Annie is a renowned expert in non-toxic and green living. She was named one of the top 20 environmental leaders by Body and Soul Magazine and "the foremost expert on green living." - Body & Soul Magazine, 2009. Learn Annie's latest eco-friendly news on anniebbond.com, a website dedicated to healthy and green living.

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36 comments

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6:48AM PDT on May 14, 2011

I think that the idea of using grey water is a brilliant idea, I'm not sure how much it would cost to retro fit a system though - could be too expensive.

1:37AM PST on Feb 6, 2010

Growing climate-appropriate and native plants, and mulching are good ideas to save time and have a more environmentally friendly garden.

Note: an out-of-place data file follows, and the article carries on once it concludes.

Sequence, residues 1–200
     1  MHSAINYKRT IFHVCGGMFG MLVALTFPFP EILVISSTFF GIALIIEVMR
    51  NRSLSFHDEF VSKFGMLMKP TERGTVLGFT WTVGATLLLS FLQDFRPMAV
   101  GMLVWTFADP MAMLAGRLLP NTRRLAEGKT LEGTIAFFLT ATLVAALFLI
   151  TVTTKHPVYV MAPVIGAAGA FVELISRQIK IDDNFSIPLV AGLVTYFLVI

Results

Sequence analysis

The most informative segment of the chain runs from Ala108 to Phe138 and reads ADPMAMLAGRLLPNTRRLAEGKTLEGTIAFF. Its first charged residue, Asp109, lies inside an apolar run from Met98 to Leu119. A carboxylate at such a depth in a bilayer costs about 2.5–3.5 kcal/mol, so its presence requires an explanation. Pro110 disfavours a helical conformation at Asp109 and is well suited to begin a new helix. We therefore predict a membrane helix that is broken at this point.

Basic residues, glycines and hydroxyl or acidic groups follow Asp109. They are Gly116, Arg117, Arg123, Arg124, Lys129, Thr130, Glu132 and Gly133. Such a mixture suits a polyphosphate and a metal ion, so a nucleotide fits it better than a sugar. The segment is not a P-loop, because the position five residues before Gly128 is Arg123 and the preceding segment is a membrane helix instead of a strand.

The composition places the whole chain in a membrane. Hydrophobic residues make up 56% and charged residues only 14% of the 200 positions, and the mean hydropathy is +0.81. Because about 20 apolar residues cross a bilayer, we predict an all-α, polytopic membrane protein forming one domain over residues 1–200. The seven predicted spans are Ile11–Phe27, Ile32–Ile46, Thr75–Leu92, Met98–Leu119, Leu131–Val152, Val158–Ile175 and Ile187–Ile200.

2:00PM PST on Jan 8, 2010

Best water saving in garden irrigation is achieved by using only Low Volume Irrigation water spreaders and/or Micro-Drip methods.
For more details of the agrotechnical advantages (including saving in fertilizers) use this link:
http://www.ein-tal.com/index.files/Page704.htm

11:58AM PDT on Jul 11, 2008

Please make sure you check with your county or city government. Collecting rainwater where I live is illegal. It is supposed to go back into the soil.

6:28AM PDT on Sep 20, 2007

everything helps.....will do all I can

9:40AM PDT on Sep 7, 2007

In my part of the country, most people are concerned with the West Nile Virus and Triple E. Standing water is a breeding area for mosquitoes throughout the summer months. Please care and be aware.

9:57PM PDT on Sep 6, 2007

You would be amazed at how fast a fifty gallon barrel fills up during the rain. My flowers appreciate it when the weather again turns dry.